Cloud Security

Microsoft launches Azure cloud for national security

An aerial of the Washington Monument and the Lincoln Memorial in Washington on May 12, 2021. The Pentagon announced significant changes to the Cybersecurity Maturity Model Certification program this week. (Air Force Staff Sgt. Brittany A. Chase/Defense Department)
An aerial view of the Pentagon, Washington Monument and the Lincoln Memorial in Washington, D.C., May 12, 2021. Microsoft announced Monday the launch of more than 60 services for its Azure Government Top Secret. (Air Force Staff Sgt. Brittany A. Chase/Defense Department)

Microsoft on Monday announced that it received the approval to launch Azure Government Top Secret for its military and intelligence customers.

In a blog post by Tom Keane, corporate vice president of Azure Global, Microsoft said it plans to launch more than 60 initial services with more coming soon.

Keane said these new air-gapped regions of Azure aim to accelerate the delivery of national security workloads classified as the U.S. top secret level. Microsoft already has 73 services in Azure Government Secret, and it continues to bring new services online.

"Whether in sea, land, air, space, or cyberspace, today’s mission leaders face a common set of challenges — how to make sense of an unprecedented influx of data from many disparate sources, how to modernize existing infrastructure to enable agility today and tomorrow, and how to protect data, assets, and people across a rapidly evolving global threat landscape," Keane said. "The new Azure regions for highly classified data expand the ability of our national security customers to harness data at speed and scale for operational advantage and increased efficiency."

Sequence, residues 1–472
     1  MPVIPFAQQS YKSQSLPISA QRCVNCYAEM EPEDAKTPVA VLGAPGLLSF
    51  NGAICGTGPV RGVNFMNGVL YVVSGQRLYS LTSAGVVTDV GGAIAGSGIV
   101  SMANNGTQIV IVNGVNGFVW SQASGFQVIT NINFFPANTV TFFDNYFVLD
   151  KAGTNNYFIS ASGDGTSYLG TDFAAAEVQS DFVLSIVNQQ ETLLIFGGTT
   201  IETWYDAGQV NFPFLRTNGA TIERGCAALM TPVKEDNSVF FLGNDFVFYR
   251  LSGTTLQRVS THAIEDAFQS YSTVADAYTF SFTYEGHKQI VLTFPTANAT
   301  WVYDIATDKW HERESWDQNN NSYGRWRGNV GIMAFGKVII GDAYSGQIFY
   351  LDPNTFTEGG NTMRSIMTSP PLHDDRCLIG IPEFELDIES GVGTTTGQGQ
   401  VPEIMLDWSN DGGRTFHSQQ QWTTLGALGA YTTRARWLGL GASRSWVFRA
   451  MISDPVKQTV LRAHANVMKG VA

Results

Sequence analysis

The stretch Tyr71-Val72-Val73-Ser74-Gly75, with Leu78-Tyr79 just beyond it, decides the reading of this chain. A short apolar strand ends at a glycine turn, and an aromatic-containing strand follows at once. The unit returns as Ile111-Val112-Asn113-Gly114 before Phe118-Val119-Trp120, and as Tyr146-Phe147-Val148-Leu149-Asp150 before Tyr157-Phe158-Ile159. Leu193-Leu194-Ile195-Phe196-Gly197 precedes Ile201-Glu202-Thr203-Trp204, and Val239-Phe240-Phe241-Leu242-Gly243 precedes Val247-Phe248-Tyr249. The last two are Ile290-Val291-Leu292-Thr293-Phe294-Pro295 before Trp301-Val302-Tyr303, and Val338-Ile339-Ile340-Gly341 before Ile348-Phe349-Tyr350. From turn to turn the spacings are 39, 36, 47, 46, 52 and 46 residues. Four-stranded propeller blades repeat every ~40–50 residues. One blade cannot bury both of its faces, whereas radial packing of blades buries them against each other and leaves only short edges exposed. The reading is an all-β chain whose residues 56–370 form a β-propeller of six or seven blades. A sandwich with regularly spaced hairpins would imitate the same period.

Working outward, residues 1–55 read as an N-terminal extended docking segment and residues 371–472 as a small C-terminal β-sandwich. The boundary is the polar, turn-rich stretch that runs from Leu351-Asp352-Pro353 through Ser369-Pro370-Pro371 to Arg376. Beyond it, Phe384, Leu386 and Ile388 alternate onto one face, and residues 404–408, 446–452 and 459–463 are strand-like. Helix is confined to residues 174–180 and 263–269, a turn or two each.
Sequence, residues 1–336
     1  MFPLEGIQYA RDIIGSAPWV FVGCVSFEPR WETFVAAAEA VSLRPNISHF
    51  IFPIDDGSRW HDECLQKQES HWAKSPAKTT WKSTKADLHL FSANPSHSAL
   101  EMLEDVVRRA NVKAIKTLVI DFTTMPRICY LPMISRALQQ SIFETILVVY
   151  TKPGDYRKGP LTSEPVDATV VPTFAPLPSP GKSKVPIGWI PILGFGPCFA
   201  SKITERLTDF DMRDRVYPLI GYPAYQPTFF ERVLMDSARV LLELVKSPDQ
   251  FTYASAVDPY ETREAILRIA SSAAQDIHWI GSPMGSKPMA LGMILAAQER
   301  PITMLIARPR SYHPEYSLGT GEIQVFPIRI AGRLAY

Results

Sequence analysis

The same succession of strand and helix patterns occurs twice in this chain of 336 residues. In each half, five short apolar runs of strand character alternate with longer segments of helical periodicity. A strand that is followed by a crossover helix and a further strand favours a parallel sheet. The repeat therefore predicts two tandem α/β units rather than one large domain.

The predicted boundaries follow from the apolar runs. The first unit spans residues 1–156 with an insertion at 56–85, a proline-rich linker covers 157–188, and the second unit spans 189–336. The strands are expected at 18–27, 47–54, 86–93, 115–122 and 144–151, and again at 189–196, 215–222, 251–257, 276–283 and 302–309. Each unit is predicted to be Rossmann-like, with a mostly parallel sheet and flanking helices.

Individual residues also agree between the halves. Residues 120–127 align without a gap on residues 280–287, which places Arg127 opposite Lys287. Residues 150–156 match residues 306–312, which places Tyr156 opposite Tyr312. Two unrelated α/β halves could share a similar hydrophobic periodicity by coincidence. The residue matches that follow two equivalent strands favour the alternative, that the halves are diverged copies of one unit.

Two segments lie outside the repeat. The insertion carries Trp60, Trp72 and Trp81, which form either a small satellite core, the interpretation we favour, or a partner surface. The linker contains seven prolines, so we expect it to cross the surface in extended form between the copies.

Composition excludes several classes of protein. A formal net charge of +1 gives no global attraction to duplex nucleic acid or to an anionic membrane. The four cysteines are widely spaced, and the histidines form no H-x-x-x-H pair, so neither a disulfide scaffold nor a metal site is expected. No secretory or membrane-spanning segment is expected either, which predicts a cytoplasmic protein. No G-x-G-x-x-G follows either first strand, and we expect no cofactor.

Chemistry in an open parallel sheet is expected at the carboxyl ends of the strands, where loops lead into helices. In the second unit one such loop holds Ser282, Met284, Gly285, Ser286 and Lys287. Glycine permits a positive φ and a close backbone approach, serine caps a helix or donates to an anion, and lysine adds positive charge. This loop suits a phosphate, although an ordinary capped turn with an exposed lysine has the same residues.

Tim Wade, technical director of the CTO Team at Vectra, viewed this as an important step for Microsoft's government cloud customers.

"Given the transformative nature of the cloud, we can view this as a step towards addressing what has long been an Achilles heel of national security systems and networks: the difficulty of managing critical but legacy systems whose evolving mission needs may have outpaced the capacity of existing modernization vehicles," said Wade.

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